After a week of receiving input from the community overwhelming against moving 9th graders to the high school, Richardson ISD Superintendent Dr. Kay Waggoner announced Friday her intent to delay the decision.

“We have heard consistent feedback that the Freshman Center is a valued and important part of the Lake Highlands community,” Waggoner said in the weekly RISD email. “I’m not comfortable making any recommendation to our Board regarding how to address secondary growth in Lake Highlands until more time can be taken, in concert with parents and other stakeholders, to evaluate the issues involved and determine what course of action is best for students in Lake Highlands.”

The email indicated that a committee will be formed comprised of parents and other stakeholders to study the topic. The issue is part of the district’s larger plan to address growth in secondary enrollment, to plan for new career and technology courses required by the state, and to consider options such as an Early College High School, which would allow students to save time and money by enrolling in a dual-credit program affiliated with Richland College.

Parents and former students I spoke with said they were relieved their voices were heard.

“I’m glad they listened to the community,” said Kelley Huebner, daughter of a current 8th grader. “I think it’s a good thing they’re taking a step back and doing more research. I don’t think they can just take a huge chunk of 9th graders and shove them into the main building.”

“As a parent who has had two children go through the Freshman Center and one who will be a freshman in three years, I prefer they keep the freshmen in their own building,” agreed Holly Smith. “I recognize that having all four grades in one building will alleviate some administrative headaches, but I don’t feel the unique educational and emotional development of 9th grade students should be placed secondary to the administrative benefits a move would create.”

“I’m pleased that the administration listened to the concerns of the people and that they plan to more fully examine the situation, consider alternatives, and solicit more feedback from constituents,” said Kari Urban, mom of a 5th grader, a 10th grader and a high school graduate. “Many people voiced concerns that LHFC was unfairly tagged with the higher dropout rate and encouraged the district to look at the junior highs, since the students need to be supported and encouraged from that point forward. It is at the Freshman Center that students are legally allowed to drop out. We need to catch them and intervene way before that.”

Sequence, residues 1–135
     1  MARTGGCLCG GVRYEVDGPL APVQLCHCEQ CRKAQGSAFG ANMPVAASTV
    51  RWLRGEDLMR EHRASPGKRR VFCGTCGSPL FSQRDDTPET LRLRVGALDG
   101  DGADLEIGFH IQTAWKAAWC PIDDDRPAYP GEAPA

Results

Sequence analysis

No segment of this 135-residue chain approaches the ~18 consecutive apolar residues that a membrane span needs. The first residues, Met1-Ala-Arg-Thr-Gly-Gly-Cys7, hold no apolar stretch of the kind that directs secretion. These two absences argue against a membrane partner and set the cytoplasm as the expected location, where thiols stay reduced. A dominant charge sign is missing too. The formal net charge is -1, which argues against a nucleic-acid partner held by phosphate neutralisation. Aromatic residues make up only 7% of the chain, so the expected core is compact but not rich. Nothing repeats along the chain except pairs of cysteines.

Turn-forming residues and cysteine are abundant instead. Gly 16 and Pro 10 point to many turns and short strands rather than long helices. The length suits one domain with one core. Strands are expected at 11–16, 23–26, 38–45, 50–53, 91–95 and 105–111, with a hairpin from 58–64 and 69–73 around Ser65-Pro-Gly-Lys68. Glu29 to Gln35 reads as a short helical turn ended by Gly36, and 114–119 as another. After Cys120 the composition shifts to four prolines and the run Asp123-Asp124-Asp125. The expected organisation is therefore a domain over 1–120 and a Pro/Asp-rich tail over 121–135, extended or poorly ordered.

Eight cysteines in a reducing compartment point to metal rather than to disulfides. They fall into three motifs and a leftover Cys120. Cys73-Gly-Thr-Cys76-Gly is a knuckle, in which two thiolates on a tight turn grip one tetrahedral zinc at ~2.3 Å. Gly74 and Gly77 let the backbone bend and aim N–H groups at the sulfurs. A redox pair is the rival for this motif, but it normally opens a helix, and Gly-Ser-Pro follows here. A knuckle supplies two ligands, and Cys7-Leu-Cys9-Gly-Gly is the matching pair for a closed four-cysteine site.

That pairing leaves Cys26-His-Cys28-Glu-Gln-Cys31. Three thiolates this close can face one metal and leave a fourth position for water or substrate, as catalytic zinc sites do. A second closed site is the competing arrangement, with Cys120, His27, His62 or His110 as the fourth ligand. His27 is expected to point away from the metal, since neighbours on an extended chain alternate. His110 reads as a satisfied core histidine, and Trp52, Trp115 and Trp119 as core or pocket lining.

“My year spent in the Freshman Center is one I cherished deeply,” said Jenny Wolff, LHHS grad in 2009. “Students would miss out on the opportunities to bond as a class if the Freshman Center is replaced. The LHFC also provides students opportunities to step into leadership roles and find their niche before entering the big school. I’m worried that students in future classes might slip through the cracks if they are uncomfortable expressing themselves in a school of 3000 students.”

“I do think the students should be provided with the opportunity to earn more college credit,” continued Wolff, referring to ECHS, “but I do not think that program should replace the Freshman Center.”

Lynn Strawn Davenport graduated from LHHS in 1989 lives in LH with her husband and 3 children. Her “Save the Freshman Center” Facebook page, created last week, received more than 500 likes in its first 4 days.

“The Freshman Center was years in the making from inception to construction,” explained Davenport. “We believe it was a wise decision to delay the deconstruction. As creator of the Save the Freshman Center FB page, the misconception is that we are against a comprehensive 9-12 model and against CTE [career and technology education] and early college programs. Quite the contrary. We know that the 9-12 model works for other parts of the district. We know that the existing CTE/CATE programs are effective and we know we have many at-risk students in LH. We also know that for many residents, the beloved Freshman Center restored confidence in the public high school. Growth in LH can be partially attributed to the construction of the LHFC. We need to take that into consideration.

“Stakeholder meetings are much appreciated. Will we vote? Regardless of the outcome, these discussions have brought our community together to discuss important issues that impact all of us. My hope is that our residents will continue to be engaged.”

Dr. Waggoner indicated that details about the stakeholder committee will be forthcoming, and no decision or recommendation will be made to trustees before that committee has completed its work and shared its findings.